The CHO’s Over: An Inflexion Point
Global healthcare costs and demands are changing, and the next wave of complex biologics is entering biopharma pipelines. It is time to look beyond mammalian cell lines.
Mark Emalfarb |
Ever since Genentech’s plasminogen activator, Activase, became the first human therapeutic product made using CHO cells in 1987, the CHO cell line has become a mainstay of the biopharma industry. Indeed, CHO cells are used to make the bestselling monoclonal antibodies (mAbs), including Rituxan, Humira and Enbrel. However, for the next wave of biologics – bi-specific and tri-specific antibodies, for example – CHO’s low expression yields are driving costs beyond commercial viability for many companies. And after more than three decades of CHO cell line improvements, which have seen huge overinvestment, it seems unlikely that any incremental productivity and cost improvements will fundamentally change the game. In my view, we need to look beyond the limitations and costs of CHO – in fact beyond mammalian cell lines altogether.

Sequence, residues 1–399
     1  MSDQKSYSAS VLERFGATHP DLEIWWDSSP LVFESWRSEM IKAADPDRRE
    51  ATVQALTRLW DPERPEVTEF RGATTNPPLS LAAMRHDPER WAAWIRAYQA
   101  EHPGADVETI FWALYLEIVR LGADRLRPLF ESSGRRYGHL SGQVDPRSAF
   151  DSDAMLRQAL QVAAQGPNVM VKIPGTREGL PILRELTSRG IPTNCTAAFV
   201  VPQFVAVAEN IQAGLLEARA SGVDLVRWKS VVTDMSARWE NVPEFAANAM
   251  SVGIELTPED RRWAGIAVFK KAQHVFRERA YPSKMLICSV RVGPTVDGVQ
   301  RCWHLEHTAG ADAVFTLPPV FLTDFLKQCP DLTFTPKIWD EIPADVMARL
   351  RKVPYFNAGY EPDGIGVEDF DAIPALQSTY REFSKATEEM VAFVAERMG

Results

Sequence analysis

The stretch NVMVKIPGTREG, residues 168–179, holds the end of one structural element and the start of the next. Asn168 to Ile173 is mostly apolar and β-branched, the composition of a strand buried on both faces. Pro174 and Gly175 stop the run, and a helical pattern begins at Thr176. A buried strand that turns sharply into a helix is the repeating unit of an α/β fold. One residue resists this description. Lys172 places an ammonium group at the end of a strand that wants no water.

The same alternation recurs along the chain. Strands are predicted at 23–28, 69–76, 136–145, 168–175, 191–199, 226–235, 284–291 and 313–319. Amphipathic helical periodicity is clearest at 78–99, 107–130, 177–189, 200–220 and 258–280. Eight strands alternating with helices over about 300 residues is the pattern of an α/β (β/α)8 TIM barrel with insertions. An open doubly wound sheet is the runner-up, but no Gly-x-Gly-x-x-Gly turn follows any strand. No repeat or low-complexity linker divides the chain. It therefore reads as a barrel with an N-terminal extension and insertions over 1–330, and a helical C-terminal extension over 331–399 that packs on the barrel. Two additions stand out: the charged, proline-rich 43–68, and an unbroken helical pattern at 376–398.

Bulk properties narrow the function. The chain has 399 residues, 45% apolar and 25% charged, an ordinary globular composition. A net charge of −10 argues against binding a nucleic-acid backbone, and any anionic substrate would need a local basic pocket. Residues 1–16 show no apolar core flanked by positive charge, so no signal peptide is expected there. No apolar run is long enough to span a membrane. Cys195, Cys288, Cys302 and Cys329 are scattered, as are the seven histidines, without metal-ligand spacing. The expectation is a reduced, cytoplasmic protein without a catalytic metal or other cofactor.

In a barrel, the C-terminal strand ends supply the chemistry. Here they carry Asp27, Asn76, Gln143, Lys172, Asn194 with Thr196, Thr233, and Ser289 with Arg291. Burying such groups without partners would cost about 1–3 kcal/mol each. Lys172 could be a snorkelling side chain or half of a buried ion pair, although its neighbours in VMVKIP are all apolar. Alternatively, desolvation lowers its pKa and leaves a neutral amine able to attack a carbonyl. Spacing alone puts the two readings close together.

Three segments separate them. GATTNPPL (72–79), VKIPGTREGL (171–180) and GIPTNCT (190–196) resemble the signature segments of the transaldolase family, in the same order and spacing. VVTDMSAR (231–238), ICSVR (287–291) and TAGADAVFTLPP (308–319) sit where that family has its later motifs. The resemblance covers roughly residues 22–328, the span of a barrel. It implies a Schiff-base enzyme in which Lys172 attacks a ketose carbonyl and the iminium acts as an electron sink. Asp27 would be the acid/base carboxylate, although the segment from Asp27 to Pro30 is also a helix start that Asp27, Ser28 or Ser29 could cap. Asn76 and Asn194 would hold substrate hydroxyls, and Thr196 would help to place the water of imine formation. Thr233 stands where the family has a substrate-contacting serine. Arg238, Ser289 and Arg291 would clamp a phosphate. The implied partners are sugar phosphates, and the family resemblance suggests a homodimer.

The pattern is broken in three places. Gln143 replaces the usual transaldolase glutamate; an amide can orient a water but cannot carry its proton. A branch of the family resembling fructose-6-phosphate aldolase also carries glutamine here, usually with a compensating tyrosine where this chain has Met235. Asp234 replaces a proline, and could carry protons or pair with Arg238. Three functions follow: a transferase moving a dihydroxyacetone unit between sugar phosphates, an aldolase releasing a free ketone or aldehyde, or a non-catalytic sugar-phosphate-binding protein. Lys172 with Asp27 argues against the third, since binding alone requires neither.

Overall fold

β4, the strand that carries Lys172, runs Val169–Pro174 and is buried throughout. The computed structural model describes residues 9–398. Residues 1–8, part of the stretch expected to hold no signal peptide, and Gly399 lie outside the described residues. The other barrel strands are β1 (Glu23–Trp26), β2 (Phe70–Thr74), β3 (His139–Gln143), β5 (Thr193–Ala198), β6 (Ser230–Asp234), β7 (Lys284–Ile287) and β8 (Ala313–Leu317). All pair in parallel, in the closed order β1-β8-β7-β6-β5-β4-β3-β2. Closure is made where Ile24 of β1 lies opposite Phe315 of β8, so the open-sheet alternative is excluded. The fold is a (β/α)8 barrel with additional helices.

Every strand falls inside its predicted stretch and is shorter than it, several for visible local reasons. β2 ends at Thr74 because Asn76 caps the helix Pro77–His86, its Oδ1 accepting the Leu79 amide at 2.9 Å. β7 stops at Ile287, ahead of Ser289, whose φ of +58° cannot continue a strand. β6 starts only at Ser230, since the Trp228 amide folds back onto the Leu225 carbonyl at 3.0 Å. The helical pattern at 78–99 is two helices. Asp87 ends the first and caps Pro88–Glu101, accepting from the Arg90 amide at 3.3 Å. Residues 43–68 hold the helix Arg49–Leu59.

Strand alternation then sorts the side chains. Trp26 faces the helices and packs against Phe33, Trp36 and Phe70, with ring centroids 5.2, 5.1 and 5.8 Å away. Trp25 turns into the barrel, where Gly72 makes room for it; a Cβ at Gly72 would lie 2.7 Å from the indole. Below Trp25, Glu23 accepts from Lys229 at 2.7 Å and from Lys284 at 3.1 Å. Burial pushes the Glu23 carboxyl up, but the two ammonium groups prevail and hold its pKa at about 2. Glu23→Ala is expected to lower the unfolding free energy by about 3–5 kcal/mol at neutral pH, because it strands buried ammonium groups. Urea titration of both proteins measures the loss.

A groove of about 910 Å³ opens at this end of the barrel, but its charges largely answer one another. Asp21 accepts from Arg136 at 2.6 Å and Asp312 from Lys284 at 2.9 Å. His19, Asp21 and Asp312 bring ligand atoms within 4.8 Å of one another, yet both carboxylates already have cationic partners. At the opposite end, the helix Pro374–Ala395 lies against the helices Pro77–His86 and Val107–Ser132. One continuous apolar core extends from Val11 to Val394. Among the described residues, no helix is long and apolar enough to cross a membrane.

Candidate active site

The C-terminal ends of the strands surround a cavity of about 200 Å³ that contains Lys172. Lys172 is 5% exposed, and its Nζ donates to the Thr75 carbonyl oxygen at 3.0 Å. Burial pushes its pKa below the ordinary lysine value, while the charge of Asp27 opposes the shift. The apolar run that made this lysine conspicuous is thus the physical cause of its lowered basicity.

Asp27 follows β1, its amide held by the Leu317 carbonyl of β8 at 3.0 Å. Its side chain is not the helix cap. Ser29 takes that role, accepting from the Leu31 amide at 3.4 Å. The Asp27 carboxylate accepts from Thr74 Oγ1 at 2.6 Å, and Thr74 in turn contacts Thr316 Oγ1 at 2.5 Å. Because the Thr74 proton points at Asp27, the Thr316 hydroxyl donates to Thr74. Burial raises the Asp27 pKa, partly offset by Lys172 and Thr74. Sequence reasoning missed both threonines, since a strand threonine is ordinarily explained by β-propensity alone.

Microbial cell lines may be what the industry needs in terms of production costs and speed, as well as product quality. Studies have shown that it takes around twice as long to create CHO cell lines and to prepare cells for the fermenter, when compared with microbial cell lines (1). With regard to creating mAbs, CHO entails a higher capital expenditure and operating expenditure than using microbial cell lines, and larger fermentation vessels are needed with CHO to obtain an equal output of mAbs. In addition to lower yield and longer cycle time, CHO cells require expensive enriched growth media and viral purification steps, neither of which are required with certain microbial cells. In other words, manufacturers can grow microbial cells at a lower cost for a given yield, potentially allowing next-generation biologics to be manufactured in smaller (cheaper) facilities, improving commercial viability.
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